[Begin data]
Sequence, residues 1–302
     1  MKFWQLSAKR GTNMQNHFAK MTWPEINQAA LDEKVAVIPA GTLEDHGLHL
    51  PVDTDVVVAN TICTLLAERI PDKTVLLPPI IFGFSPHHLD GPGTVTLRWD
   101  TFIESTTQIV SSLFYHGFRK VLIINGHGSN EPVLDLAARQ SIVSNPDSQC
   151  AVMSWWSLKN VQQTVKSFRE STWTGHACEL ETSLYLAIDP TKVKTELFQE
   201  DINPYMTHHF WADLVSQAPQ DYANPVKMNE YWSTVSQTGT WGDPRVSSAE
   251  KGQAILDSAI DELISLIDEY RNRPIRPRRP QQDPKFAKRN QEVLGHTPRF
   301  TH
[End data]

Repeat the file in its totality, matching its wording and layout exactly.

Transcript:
Sequence, residues 1–302
     1  MKFWQLSAKR GTNMQNHFAK MTWPEINQAA LDEKVAVIPA GTLEDHGLHL
    51  PVDTDVVVAN TICTLLAERI PDKTVLLPPI IFGFSPHHLD GPGTVTLRWD
   101  TFIESTTQIV SSLFYHGFRK VLIINGHGSN EPVLDLAARQ SIVSNPDSQC
   151  AVMSWWSLKN VQQTVKSFRE STWTGHACEL ETSLYLAIDP TKVKTELFQE
   201  DINPYMTHHF WADLVSQAPQ DYANPVKMNE YWSTVSQTGT WGDPRVSSAE
   251  KGQAILDSAI DELISLIDEY RNRPIRPRRP QQDPKFAKRN QEVLGHTPRF
   301  TH